Breast Reconstruction Options
As a comprehensive cancer center, Siteman has reconstruction options not found at community hospitals. It’s important to review the choices open to your situation before your cancer surgery and in conjunction with your treatment plan, including concurrent mastectomy or lumpectomy and breast reconstruction.
You may not want to go through more surgery to replace the breast or partial breast, but even then, you have options. Reconstructive surgeons at Siteman are working on using a 3-D printer to build custom breast prostheses based on 3-D photography of your natural breast prior to surgery, so the prosthesis fits your clothing as naturally as your own breast.
When possible, skin and nipple-sparing mastectomy (30-40 percent mastectomies done at Siteman) prevents more surgery to reconstruct the nipple at a later time. With this surgery, reconstruction can be done at the time of the mastectomy or later.
Direct to Implant Reconstruction: This can be done at the time of the mastectomy, instead of the two-step process of using a tissue expander to be later replaced by the permanent implant.
Flap reconstruction with your own tissue: You may not want an implant, or your breast is not amenable to implant because not enough skin was left from a previous mastectomy, or because of earlier radiation that damaged the skin. In those cases, flaps from other parts of the body may be used to rebuild the breast.
- Flaps from the abdomen include: DIEP, SIEA, and TRAM: The DIEP (deep inferior epigastric artery perforator) flap is a significant improvement over the TRAM flap, so much that 99 percent of the last 200 reconstructions have been DIEP flaps. The DIEP and SIEA flaps use skin and fat from the abdomen, but leave the muscle (taken for the TRAM flap) for continued abdominal support. Both can be done at the time of mastectomy or later.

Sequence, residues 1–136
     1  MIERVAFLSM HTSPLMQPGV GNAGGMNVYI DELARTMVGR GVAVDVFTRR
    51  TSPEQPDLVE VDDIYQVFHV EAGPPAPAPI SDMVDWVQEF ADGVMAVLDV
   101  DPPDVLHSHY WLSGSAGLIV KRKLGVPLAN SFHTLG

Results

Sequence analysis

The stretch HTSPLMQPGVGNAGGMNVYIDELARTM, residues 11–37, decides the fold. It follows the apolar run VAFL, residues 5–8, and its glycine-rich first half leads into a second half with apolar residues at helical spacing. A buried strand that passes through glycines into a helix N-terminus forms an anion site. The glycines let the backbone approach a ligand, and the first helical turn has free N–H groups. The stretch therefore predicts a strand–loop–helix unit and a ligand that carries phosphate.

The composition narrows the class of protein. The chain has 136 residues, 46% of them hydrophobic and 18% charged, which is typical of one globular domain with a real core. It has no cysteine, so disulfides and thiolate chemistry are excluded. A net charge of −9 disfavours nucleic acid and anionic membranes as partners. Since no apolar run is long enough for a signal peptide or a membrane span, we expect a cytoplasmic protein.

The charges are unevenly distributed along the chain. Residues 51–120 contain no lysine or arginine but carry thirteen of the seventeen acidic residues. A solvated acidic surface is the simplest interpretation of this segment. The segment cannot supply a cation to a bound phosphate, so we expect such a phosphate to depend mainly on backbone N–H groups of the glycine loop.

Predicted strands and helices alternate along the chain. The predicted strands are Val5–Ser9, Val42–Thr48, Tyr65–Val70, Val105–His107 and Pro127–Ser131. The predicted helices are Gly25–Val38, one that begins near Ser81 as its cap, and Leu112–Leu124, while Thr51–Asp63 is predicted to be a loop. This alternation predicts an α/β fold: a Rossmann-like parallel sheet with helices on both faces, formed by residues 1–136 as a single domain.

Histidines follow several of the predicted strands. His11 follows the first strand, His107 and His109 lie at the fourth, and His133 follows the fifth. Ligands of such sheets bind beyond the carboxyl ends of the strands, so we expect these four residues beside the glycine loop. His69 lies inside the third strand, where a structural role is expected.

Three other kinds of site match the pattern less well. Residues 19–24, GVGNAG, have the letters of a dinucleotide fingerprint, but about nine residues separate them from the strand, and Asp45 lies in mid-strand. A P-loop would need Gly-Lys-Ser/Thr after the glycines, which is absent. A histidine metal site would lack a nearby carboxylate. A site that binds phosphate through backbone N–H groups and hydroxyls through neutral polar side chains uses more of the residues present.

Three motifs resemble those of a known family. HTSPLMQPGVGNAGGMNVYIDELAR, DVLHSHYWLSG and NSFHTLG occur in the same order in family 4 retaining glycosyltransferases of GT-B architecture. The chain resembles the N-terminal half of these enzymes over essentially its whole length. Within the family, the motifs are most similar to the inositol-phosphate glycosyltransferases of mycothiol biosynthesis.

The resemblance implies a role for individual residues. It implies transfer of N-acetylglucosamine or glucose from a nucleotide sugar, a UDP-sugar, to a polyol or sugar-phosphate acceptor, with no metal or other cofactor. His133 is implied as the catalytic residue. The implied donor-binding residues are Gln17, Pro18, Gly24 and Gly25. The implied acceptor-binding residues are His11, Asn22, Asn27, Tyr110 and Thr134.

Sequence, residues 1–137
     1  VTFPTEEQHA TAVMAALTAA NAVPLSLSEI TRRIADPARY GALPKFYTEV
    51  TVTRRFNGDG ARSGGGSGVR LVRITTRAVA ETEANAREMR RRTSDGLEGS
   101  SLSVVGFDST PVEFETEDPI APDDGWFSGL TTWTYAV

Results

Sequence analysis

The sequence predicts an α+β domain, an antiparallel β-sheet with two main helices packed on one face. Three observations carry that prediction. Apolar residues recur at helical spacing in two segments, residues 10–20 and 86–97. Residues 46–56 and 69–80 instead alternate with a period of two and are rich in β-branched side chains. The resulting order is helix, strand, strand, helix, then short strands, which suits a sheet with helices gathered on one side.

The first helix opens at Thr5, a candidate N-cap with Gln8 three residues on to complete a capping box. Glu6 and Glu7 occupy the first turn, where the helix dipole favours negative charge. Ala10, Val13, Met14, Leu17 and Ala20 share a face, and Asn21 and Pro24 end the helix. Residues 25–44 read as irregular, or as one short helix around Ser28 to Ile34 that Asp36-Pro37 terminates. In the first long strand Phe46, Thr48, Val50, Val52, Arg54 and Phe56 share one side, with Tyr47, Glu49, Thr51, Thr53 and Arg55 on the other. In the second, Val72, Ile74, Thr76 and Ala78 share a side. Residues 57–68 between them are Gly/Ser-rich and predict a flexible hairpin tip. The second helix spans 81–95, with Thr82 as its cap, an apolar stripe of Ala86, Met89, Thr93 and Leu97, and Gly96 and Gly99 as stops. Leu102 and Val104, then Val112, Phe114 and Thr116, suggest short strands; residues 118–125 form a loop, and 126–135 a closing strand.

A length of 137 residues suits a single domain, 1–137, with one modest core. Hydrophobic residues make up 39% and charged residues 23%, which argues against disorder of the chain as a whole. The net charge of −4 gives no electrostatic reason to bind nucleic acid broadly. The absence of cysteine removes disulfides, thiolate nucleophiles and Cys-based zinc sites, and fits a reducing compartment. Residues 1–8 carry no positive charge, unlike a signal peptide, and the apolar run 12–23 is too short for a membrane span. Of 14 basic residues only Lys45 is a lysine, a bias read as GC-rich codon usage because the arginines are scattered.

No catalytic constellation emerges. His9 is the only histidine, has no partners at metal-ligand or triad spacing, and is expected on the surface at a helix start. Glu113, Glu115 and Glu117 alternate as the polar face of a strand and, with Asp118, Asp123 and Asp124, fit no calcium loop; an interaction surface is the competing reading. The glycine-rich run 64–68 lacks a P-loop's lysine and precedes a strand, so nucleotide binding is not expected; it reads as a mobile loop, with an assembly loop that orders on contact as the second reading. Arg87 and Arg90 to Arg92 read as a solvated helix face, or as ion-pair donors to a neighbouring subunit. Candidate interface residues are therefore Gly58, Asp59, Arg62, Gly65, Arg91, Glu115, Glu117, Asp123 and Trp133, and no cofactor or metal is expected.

- Flaps from the inner thigh: TUG and PAP: The TUG and PAP flaps are new reconstruction techniques that use microsurgery and tissue from the inner thigh to reconstruct the breast, creating a well-concealed scar.
- Flaps from the back (Latissimus): For women without enough tissue in the abdomen or thigh, the latissimus flap brings tissue around from the back to rebuild the breast. The back incision scar can often be placed at the bra strap line to conceal it.
Lumpectomy, partial removal of breast tissue with clean margins, makes up 60-70 percent of cancer surgery: Studies have shown that after lumpectomy, 46 percent of women were unhappy with the cosmetic outcomes. There are several options offered for Siteman patients to reconstruct breasts after lumpectomy:
If you have moderate to large breasts, the oncology surgeon and plastic surgeon can work as team to do bilateral breast reduction, doing the cancer breast first to make sure the tissue removed includes the lump and clear margins, and then sculpting the other breast to match.
- Depending on the size of the tissue removed, a breast implant can replace the lost volume.
- Fat grafting: Our plastic surgeons have an ongoing study to use your own fat, harvested from a place it isn’t wanted, to inject into the breast to correct the defect.
- Also using your own tissue, TDAP harvests skin and fat from near the armpit area and side of the back to reconstruct defects of the outer breast, usually without muscle tissue.
- LICAP flaps use skin and fat from the side of the chest near the armpit.
To read more about these reconstruction options and see actual before-and-after photos, visit: